We've noted in the past that black unemployment has exceeded white unemployment nationally in every single month since the Bureau of Labor Statistics began keeping records. In fact, it has always been at least two-thirds higher. Every month.


Valerie Wilson at the Economic Policy Institute breaks out data on unemployment by race and state and quarter, allowing for a more refined look at this racial split on jobs. "Nationally" in the second quarter, she writes, "African Americans had the highest unemployment rate, at 9.5 percent, followed by Latinos (6.6 percent), whites (4.6 percent), and Asians (3.8 percent)." What's more, she notes, the state with the lowest black unemployment, Tennessee, had the same unemployment rate for blacks as the white unemployment rate in the state with the highest white unemployment.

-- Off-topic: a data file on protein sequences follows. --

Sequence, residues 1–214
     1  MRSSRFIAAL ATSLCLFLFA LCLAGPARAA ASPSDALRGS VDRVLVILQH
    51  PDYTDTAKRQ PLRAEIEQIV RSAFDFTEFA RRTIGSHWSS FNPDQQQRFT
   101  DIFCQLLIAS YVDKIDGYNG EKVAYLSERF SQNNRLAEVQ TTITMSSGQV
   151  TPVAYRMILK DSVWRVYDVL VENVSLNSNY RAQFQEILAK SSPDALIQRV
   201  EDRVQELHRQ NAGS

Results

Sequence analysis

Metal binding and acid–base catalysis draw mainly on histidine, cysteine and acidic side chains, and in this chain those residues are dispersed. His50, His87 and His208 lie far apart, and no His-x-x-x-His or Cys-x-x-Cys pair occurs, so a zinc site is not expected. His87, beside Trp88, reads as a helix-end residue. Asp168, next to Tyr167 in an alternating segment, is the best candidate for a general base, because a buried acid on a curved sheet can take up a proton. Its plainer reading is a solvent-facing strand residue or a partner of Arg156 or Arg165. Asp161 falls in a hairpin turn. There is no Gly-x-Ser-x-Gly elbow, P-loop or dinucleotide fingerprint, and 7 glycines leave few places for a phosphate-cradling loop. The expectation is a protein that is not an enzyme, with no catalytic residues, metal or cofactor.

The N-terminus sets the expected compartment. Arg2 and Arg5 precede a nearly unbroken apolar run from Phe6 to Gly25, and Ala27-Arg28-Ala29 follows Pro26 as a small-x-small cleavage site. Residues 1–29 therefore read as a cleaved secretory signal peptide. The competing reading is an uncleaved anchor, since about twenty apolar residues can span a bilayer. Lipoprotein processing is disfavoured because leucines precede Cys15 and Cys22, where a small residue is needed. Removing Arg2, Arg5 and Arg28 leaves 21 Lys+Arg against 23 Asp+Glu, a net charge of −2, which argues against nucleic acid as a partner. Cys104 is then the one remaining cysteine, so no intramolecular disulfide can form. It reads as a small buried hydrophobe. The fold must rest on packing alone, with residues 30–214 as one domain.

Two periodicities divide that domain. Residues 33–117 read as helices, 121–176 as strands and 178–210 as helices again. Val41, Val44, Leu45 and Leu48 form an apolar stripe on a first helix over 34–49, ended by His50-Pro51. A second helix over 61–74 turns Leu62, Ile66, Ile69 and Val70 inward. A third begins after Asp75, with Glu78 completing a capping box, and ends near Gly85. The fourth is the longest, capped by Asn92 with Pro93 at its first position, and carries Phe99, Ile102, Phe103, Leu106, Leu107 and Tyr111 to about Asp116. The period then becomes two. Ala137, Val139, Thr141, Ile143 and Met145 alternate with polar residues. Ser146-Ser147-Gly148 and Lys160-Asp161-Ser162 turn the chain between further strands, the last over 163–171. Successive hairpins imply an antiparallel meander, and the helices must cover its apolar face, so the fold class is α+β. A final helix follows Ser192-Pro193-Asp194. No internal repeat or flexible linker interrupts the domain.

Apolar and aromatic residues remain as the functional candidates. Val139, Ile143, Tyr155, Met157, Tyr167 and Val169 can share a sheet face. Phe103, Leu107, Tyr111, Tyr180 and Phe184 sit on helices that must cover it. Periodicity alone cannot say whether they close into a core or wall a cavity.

The most dramatic way to look at it, though, is by toggling through the tabs below. The first map shown indicates total unemployment, according to EPI data. Click through to see white, black and Hispanic unemployment. (States with cross-hatching on the charts below didn't have enough population among the racial group to be statistically significant.)

That's in many ways a much more effective visual even than the chart at the top of this article.